And the winner of the 2016 National Barbecue Championship.
If you want to improve your barbecue methodology turn toward the men (and women) who have perfected theirs. If you’ve already reached perfection then go back to what it was you were doing
If you’re still chopping wood and carrying water then continue reading.
1) How hard of a competition is Meridian, and where does it rank compared to other shootouts where you’ve competed?
Kelly Curtis: Meridian is what I would consider a tough competition. Any competition that has that many teams can usually be considered tough. That being said, having been around the cooking circuit for a couple of years now and gotten to know ‘who’s who’ in the cooking realm, I would have to say that although Meridian had a high number of teams, a lot of the top cooks did not cook there.
2) Was it revealed that you did not win brisket prior to the announcement that you were Grand Champion? If so, did you abandon hope at that point given Texas preeminence on beef breast?
Kelly Curtis: …Hell man…third place is winning brisket.
It’s just not first place. The thing about BBQ competitions that most folks don’t know or understand is that in a competition of this magnitude when a individual places in the top 3 he’s pretty much a superstar.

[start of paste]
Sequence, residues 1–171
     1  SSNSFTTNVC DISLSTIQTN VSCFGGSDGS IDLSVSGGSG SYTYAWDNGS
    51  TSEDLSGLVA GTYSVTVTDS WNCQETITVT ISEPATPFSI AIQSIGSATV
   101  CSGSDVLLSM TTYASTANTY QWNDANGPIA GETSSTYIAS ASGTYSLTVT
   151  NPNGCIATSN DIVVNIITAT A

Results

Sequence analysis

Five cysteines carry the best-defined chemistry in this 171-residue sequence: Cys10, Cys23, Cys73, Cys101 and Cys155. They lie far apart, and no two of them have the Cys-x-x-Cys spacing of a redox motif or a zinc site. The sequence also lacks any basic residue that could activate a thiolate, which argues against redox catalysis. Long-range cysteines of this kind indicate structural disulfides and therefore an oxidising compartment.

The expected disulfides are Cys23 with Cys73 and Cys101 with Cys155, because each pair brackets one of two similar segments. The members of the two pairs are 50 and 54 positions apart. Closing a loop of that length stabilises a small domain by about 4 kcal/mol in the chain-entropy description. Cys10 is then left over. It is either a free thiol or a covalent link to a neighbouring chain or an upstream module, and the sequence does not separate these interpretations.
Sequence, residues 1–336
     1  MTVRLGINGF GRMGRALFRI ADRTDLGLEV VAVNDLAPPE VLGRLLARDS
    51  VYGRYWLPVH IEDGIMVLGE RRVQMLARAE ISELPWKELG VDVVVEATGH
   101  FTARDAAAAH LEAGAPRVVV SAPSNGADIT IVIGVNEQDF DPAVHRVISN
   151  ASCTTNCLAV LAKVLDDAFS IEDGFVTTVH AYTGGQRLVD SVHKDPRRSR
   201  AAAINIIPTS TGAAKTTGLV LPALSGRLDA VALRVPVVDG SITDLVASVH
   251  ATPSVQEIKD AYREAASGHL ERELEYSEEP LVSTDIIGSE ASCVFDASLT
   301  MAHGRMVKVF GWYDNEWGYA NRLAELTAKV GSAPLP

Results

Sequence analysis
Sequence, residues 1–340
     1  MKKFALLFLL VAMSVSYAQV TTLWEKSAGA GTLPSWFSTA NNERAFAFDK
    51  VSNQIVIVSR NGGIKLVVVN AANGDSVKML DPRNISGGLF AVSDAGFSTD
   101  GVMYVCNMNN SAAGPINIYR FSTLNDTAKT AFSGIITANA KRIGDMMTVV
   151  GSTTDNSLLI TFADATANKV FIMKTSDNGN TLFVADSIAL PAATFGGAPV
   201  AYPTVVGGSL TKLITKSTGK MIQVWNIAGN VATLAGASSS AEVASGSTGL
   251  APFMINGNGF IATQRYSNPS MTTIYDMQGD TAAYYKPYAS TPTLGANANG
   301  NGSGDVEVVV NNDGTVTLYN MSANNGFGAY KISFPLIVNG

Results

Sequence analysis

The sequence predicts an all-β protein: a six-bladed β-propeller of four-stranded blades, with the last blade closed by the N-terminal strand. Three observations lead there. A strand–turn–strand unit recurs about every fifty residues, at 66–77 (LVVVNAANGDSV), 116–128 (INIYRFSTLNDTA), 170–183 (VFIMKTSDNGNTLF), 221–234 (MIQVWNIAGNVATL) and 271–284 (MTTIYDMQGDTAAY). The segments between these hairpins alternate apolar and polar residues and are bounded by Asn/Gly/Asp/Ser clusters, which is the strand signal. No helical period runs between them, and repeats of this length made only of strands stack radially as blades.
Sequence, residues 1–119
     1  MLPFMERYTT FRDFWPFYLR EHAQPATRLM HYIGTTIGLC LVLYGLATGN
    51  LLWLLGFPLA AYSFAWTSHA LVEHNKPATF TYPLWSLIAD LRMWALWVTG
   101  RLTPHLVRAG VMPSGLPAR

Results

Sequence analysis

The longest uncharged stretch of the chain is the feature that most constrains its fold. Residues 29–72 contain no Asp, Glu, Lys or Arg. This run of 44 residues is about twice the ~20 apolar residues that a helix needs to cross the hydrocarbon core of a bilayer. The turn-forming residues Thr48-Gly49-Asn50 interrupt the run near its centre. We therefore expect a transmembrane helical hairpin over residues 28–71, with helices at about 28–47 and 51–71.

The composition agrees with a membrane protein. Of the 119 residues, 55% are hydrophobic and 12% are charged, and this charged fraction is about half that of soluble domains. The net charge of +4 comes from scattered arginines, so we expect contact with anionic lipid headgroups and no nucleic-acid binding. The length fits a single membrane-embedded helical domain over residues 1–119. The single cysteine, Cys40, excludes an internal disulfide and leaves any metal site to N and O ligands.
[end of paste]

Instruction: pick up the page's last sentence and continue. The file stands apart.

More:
These events work on a point system. Basically, you are awarded points on a scale of 1-10 for the places. 10th place being 1 point and first place being ten points. In the end when the points are tallied, the grand champion is the person with the most points.
If there is a tie, the guy with the highest brisket score determines the winner. Most cooks are able to track the awards by keeping a sheet and tallying as the categories are called out. We knew that we needed a brisket call of at least 5th place or so in order to beat the guy that had gotten a 1st place rib call and a chicken call also.
So basically once we saw that he did not get a brisket call, we knew we had the event sewed up.”
Now, let me paint another scenario.
Lets say you have sat through an entire awards ceremony, and not received one single call. They are down to the LAST CALL…FIRST PLACE BRISKET…and it happens that you are the recipient.
THAT is a total shocker and a huge surprise for you and your team.
We have had a few of those, the biggest one being a 1st place brisket call at The Humble Rodeo cooking among 150 plus teams. That call alone gave us 10 points which was enough to get us a RESERVE GRAND CHAMPION in that event.
3) When you were fooling around in the backyard cooking meat for friends and family did you ever envision being on the level you are now? Tell us about the path you took to become a superstar in the world of barbecue
Kelly Curtis: I learned my basics cooking as a teenager in the Boy Scouts. I was an Eagle Scout. I would have to say that this was really my first exposure to building fires out doors and using dutch ovens to prepare meals.
Regarding BBQ I think Id have to say that I really started getting in to it back in the 80s when taking a 55 gallon drum and making a BBQ pit out of it was popular. If you had one of those devices, you were set! I actually started competing in July of 2014, so I only have really been at it for a couple of years.